“Dietary Supplement Labeling Act” a Huge SmokescreenJuly 5, 2011
This new bill pretends to be consumer-oriented but instead will give the FDA new powers it could easily misuse, restricting your access to supplements and raising the cost of buying them. An important new Action Alert for Congress!
Last week, Sen. Dick Durbin (D-IL) introduced S.1310. The Dietary Supplement Labeling Act would create new and burdensome regulations for supplement manufacturers—supposedly in an effort to protect supplement consumers. As we have said before, the FDA already has the power to protect consumers. In many cases, it does not choose to use these powers. Giving the agency even more power, especially murky powers that could easily be misused, will not make the situation better.
The bill has already been filed but the text is not yet available online as it should be. You can read an advance draft copy of the bill on our website.
As we reported just before the bill was introduced, the bill is disingenuous. It was purportedly created in response to the recent “Lazy Cakes” brownie controversy we told you about (the brownies contained melatonin). Lazy Cakes was unarguably a food product sold by a renegade food company. But this bill targets supplements and supplement manufacturers. Basically the bill exploits a hot-button food issue to try to pass more regulation for dietary supplements.
There is hardly any mention in this bill of food companies like the one that made the Lazy Cakes. In fact, the only reference comes at the very end of the bill, where it requires the FDA establish a definition for the term “conventional food.” But the FDA has already written draft guidance setting out the difference between dietary supplements and beverages and clarifies what “cannot be represented for use as a conventional food” means. The Agency has been sitting on this since 2009!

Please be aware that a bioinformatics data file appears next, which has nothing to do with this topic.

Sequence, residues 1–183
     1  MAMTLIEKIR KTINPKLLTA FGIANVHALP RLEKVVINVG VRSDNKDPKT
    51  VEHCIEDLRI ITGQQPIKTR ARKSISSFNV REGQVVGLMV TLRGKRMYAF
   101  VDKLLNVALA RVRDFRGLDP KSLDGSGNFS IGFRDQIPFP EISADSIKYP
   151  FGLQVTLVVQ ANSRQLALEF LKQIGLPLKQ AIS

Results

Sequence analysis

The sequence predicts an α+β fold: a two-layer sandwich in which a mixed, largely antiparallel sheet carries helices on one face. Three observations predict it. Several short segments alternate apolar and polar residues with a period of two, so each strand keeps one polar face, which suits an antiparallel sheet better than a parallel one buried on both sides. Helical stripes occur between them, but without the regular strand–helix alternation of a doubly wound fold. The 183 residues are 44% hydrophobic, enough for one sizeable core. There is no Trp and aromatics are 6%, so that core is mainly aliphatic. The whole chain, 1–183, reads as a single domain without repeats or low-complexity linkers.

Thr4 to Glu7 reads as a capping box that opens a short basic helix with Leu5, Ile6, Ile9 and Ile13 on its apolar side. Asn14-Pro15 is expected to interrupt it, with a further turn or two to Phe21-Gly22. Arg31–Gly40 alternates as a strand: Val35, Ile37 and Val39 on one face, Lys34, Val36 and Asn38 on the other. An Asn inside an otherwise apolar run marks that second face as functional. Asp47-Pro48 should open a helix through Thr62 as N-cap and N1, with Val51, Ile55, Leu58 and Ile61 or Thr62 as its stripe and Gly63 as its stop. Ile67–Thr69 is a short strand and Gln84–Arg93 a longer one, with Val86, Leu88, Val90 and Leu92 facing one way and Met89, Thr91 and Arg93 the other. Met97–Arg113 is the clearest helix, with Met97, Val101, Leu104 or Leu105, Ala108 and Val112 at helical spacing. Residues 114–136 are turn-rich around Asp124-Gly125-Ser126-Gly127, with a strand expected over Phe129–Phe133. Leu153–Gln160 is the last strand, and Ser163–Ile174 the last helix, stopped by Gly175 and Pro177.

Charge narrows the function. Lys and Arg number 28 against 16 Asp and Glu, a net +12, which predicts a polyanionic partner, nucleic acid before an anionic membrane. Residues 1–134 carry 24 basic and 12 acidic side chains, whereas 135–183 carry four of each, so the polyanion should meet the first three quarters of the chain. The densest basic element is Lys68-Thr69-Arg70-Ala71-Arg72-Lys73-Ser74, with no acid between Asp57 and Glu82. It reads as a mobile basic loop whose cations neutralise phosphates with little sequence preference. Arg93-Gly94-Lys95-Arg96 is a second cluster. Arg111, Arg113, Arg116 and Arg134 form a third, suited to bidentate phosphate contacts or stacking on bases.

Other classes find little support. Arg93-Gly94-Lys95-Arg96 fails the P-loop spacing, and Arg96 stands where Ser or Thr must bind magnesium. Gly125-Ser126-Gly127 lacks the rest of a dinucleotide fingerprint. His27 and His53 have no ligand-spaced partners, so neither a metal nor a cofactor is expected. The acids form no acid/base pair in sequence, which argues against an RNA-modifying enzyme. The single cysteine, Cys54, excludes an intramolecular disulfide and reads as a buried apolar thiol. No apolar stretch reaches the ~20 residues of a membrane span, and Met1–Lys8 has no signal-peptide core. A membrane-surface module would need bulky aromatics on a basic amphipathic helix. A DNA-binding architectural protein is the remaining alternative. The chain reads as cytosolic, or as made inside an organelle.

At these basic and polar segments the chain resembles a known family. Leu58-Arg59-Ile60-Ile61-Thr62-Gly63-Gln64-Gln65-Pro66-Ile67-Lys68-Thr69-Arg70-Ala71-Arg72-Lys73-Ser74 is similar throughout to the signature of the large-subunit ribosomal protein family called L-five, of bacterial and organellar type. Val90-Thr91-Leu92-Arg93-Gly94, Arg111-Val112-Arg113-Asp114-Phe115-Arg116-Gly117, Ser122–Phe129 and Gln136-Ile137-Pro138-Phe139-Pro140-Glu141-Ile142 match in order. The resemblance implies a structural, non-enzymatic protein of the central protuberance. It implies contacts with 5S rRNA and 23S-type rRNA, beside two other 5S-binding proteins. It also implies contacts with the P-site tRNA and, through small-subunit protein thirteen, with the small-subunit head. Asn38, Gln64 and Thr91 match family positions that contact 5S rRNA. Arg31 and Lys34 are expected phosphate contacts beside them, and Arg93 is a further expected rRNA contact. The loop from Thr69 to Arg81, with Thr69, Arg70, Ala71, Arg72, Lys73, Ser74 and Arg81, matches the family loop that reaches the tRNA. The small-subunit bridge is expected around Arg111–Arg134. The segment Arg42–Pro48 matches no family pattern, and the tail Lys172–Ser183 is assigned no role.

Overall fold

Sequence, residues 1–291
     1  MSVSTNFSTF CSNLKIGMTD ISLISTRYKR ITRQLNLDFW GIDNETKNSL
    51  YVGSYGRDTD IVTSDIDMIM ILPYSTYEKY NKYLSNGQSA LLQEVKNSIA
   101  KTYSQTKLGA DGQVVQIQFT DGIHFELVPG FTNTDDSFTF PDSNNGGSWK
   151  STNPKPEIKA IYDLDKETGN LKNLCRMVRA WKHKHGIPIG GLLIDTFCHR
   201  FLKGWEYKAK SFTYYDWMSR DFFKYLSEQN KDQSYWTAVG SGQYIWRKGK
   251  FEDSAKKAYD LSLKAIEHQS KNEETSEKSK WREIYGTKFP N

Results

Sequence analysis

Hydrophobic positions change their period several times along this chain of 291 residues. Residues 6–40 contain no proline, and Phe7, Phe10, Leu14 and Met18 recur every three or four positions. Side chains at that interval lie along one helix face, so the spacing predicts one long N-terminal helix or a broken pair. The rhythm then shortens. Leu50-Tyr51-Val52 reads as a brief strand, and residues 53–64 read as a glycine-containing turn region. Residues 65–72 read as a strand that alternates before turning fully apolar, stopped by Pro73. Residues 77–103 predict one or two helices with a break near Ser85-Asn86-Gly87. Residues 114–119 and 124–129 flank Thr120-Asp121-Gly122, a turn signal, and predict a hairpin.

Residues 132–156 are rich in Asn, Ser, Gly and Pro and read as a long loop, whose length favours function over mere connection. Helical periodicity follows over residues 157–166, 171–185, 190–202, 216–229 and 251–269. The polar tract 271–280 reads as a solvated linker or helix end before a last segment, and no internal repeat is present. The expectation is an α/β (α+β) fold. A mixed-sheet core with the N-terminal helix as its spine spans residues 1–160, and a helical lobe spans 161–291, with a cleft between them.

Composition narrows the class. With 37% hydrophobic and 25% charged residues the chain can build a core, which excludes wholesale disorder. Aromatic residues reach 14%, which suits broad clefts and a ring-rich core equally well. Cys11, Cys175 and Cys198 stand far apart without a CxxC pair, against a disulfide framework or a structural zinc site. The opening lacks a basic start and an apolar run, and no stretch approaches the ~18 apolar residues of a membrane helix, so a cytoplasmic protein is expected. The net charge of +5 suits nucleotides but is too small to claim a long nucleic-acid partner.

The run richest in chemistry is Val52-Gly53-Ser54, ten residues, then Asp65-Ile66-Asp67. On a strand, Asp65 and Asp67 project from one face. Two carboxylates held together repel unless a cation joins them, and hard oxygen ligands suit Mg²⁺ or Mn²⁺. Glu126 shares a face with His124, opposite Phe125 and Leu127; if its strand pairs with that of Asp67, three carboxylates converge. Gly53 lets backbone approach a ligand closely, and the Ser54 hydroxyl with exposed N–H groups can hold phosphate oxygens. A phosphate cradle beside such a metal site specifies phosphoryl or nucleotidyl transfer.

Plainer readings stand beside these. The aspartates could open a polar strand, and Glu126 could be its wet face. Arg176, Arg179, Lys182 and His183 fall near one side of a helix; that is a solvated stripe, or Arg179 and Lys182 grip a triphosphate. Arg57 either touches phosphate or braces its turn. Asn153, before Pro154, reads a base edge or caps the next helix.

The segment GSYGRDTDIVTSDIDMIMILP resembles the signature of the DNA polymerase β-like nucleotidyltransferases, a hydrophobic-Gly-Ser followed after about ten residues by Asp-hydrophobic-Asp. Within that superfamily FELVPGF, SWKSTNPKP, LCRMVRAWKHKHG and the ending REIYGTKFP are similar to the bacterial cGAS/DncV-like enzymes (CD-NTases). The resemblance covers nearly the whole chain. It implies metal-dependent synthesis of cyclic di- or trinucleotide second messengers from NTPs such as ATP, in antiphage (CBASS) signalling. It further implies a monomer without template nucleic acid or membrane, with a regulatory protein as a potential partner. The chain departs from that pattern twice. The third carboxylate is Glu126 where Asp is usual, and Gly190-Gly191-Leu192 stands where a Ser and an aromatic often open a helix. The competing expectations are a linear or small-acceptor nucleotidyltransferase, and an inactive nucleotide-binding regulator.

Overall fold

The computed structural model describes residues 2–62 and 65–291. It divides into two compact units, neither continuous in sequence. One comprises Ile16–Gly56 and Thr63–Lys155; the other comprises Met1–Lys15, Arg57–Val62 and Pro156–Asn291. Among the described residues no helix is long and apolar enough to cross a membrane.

Durbin’s bill requires that the FDA, together with the government’s Institute of Medicine (IOM), compile a list of dietary ingredients (read: supplements) that could lead to adverse events or are otherwise deemed risky in some way. Dietary supplement manufacturers would have to put mandatory warnings on labels for any ingredient on this list. This sounds a lot better than it is for a number of reasons:
- Government-mandated warnings on labels could say anything the government wants them to say, no matter how unreasonable, and could be of any length, even if the packaging became prohibitively expensive. Essentially we don’t know what we are getting into here.
- The FDA is historically biased against supplements. The IOM is no better. Just look at the IOM’s recent report on vitamin D. This report willfully threw out most of the research on vitamin D and was altered at the last minute to reduce the upper limit of what is considered safe. Even conventional medical societies such as the American Association of Clinical Endocrinologists roundly condemned the report. Also because of some notorious conflicts of interest, the IOM is hardly the authority to determine what is safe and what isn’t.